More than 800,000 noncitizens and so-called “Dreamers” in New York City will have access to the ballot box — and could vote in municipal elections as early as next year — after Mayor Eric Adams allowed legislation approved by the City Council a month ago to automatically become law on Sunday.
Opponents have vowed to challenge the new law. Unless a judge halts its implementation, New York City is now the most populous city in the United States to grant voting rights to noncitizens.
More than a dozen communities across the U.S. already allow noncitizens to cast ballots in local elections, including 11 towns in Maryland and two in Vermont.
The Board of Elections must now begin drawing an implementation plan by July, including voter registration rules and provisions that would create separate ballots for municipal races to prevent noncitizens from casting ballots in federal and state contests.
It’s a watershed moment for a city where legally documented, voting-age noncitizens comprise nearly one in nine of the city’s seven million voting-age inhabitants. The movement to win voting rights for noncitizens prevailed after numerous setbacks.
The measure would allow noncitizens who have been lawful permanent residents of the city for at least 30 days, as well as those authorized to work in the U.S., including so-called “Dreamers,” to help select the city’s mayor, city council members, borough presidents, comptroller and public advocate.
“Dreamers” are young immigrants brought to the U.S. illegally as children who benefit from the DREAM Act or DACA — Deferred Action for Childhood Arrivals — which allows them to remain in the country if they meet certain criteria.
The first elections in which noncitizens would be allowed to vote won’t be until 2023.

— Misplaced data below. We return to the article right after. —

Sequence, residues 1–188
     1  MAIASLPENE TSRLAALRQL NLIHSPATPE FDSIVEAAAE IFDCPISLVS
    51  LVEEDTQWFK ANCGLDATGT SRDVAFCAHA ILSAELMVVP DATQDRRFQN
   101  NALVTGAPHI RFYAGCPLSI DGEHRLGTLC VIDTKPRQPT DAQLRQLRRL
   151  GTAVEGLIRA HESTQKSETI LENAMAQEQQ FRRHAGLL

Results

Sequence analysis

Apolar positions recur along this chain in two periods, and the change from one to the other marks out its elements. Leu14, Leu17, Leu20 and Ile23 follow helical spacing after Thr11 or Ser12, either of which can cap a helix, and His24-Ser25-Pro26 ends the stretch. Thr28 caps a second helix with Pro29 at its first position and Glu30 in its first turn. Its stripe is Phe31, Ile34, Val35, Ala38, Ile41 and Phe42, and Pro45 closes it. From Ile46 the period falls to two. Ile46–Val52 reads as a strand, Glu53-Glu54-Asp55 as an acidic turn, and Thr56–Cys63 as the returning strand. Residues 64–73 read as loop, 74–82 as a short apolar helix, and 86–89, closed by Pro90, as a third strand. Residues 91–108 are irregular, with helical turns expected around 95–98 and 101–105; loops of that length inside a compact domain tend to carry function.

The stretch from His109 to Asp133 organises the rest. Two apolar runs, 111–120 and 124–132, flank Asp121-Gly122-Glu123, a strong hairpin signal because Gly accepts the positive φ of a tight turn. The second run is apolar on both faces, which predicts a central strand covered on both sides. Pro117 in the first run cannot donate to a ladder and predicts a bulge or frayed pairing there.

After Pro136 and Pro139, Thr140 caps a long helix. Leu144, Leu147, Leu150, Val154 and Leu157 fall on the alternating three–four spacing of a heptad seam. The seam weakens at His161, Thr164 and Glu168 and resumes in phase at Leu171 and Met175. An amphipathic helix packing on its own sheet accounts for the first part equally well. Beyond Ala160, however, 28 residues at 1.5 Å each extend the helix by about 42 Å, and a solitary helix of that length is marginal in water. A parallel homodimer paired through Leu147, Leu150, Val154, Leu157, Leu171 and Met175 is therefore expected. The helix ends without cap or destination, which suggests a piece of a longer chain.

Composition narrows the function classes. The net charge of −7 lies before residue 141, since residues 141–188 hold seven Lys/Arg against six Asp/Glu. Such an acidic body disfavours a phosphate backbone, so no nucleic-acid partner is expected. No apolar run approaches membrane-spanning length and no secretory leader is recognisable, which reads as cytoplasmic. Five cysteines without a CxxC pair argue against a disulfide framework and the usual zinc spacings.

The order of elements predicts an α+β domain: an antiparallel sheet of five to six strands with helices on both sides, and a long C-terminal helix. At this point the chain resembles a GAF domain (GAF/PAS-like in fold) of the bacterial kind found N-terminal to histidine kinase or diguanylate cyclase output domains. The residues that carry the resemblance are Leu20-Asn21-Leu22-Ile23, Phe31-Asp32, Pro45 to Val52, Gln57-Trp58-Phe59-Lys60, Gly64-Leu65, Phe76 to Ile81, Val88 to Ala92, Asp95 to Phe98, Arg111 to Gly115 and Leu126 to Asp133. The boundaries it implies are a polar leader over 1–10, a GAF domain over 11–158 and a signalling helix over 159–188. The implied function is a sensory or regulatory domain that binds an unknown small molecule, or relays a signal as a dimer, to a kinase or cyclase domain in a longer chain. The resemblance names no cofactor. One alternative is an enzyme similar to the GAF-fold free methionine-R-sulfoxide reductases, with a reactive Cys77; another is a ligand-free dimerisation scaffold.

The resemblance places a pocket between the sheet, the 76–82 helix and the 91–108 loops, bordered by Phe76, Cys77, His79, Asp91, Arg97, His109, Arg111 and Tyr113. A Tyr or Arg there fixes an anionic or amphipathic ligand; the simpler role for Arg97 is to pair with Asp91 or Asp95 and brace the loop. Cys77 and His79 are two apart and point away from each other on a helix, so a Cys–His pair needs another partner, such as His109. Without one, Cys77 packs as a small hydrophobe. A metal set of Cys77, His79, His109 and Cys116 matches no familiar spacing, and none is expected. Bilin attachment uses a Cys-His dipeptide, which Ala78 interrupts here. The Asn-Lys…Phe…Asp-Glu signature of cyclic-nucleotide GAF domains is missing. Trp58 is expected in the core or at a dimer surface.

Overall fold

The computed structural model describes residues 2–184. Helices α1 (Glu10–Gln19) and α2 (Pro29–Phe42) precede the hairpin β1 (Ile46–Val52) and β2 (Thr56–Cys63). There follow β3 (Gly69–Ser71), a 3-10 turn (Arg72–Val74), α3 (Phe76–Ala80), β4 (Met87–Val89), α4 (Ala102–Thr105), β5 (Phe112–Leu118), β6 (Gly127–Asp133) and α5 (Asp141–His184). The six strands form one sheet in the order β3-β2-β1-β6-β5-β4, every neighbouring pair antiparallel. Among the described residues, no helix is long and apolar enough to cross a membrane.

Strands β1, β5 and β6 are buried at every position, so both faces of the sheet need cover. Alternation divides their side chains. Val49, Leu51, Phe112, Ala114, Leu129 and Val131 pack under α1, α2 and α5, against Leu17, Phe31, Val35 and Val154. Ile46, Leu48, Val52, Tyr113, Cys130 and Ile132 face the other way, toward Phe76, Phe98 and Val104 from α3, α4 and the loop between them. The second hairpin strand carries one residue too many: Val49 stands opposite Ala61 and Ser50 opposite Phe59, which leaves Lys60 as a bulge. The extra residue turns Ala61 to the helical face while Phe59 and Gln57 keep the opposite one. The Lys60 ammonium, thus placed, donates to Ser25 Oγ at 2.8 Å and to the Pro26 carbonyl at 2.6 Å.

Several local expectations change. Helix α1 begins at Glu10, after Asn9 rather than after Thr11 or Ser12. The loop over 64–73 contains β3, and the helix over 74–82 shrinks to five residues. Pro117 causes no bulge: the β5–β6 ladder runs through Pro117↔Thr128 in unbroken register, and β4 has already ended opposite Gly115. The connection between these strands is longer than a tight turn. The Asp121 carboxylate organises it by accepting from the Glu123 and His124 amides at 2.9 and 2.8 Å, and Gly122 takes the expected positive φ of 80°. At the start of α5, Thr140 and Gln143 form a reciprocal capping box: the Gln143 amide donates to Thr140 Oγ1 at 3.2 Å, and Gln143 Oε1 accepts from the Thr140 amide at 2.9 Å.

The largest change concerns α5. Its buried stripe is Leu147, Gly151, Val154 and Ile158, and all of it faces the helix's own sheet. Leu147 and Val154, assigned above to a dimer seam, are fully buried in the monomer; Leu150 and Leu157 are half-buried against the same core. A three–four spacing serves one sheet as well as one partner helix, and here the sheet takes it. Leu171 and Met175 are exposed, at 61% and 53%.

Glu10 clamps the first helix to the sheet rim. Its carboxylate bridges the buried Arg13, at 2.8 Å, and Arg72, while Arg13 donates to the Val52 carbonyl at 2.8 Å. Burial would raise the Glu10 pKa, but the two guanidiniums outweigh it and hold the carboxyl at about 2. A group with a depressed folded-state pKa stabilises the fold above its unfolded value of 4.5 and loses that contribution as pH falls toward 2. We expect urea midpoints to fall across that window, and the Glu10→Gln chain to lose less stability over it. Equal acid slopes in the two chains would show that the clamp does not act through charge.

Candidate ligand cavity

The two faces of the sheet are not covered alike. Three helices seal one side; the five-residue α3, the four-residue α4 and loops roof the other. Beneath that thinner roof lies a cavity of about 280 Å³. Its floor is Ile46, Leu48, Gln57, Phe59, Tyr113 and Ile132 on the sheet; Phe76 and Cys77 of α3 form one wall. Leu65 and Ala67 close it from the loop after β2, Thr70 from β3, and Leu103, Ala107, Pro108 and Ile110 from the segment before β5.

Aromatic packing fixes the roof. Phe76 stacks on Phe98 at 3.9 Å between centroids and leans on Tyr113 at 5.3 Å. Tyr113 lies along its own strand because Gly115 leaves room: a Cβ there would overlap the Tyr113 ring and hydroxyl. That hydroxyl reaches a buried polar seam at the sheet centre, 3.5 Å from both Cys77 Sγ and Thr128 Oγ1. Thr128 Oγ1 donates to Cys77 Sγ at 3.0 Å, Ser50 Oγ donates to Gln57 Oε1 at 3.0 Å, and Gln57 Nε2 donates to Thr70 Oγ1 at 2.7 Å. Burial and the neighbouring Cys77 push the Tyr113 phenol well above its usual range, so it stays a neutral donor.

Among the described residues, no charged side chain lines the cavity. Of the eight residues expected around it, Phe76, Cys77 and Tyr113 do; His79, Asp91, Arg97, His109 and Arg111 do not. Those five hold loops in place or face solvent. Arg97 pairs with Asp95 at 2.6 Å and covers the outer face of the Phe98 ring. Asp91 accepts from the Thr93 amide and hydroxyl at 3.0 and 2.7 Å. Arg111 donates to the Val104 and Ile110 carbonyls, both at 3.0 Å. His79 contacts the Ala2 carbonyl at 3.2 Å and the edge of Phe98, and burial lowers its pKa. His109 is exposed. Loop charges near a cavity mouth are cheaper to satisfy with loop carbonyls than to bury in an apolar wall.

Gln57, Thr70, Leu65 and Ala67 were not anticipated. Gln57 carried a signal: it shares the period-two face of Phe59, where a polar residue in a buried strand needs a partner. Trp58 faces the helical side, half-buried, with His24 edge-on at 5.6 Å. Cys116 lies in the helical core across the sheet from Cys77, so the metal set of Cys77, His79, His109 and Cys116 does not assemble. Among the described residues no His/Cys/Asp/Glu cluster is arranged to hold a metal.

“We build a stronger democracy when we include the voices of immigrants,” said former City Councilmember Ydanis Rodriguez, who led the charge to win approval for the legislation.
Rodriguez, whom Adams appointed as his transportation commissioner, thanked the mayor for his support and expects a vigorous defense against any legal challenges.
Noncitizens still wouldn’t be able to vote for president or members of Congress in federal races, or in the state elections that pick the governor, judges and legislators.
Adams recently cast uncertainty over the legislation when he raised concern about the month-long residency standard, but later said those concerns did not mean he would veto the bill.
While there was some question whether Adams could stop the bill from becoming law, the 30-day time limit for the mayor to take action expired at the stroke of midnight.
Adams said he looked forward to the law bringing millions more into the democratic process.
“I believe that New Yorkers should have a say in their government, which is why I have and will continue to support this important legislation,” Adams said in a statement released Saturday night. He added that his earlier concerns were put at ease after what he called productive dialogue with colleagues.
Former Mayor Bill de Blasio had similar concerns but did not move to veto the measure before vacating City Hall at the end of the year.
A legal challenge is likely. Opponents say the council lacks the authority on its own to grant voting rights to noncitizens and should have first sought action by state lawmakers.
Some states including Alabama, Arizona, Colorado and Florida have adopted rules that would preempt any attempts to pass laws like the one in New York City.